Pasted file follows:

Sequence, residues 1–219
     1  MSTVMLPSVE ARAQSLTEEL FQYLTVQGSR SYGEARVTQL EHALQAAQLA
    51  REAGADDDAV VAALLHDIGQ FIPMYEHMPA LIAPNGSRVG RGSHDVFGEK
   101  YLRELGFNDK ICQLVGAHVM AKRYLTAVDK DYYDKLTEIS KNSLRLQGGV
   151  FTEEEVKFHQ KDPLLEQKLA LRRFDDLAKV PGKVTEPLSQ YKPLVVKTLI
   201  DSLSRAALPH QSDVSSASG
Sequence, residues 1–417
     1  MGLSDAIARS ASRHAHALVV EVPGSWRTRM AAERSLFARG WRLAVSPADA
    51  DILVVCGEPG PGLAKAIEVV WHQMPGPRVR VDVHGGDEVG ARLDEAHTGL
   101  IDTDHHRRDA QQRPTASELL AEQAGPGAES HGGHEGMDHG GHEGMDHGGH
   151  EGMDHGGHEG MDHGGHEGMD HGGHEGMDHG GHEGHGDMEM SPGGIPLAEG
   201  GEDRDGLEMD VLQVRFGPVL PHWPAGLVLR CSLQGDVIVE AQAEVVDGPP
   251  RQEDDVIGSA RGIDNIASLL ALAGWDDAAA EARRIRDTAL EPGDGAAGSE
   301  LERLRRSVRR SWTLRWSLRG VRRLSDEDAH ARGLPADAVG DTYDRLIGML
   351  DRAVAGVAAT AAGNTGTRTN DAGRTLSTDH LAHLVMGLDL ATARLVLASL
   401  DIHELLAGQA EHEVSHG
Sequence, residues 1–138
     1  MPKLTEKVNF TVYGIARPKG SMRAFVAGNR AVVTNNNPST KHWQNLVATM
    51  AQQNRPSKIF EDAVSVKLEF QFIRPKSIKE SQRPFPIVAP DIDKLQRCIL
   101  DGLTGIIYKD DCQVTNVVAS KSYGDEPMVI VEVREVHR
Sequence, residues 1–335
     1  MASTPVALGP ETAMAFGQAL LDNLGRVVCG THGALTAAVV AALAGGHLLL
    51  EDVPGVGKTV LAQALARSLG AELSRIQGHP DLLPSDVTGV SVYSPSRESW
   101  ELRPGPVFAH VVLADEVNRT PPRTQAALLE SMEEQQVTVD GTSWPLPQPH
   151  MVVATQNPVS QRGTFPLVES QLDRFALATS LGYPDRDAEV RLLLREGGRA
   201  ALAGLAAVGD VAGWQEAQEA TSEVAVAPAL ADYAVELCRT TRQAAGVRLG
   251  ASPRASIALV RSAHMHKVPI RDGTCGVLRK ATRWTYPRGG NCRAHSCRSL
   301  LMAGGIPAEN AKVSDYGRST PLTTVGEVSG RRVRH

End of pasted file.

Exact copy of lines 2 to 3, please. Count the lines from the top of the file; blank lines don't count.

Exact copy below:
     1  MSTVMLPSVE ARAQSLTEEL FQYLTVQGSR SYGEARVTQL EHALQAAQLA
    51  REAGADDDAV VAALLHDIGQ FIPMYEHMPA LIAPNGSRVG RGSHDVFGEK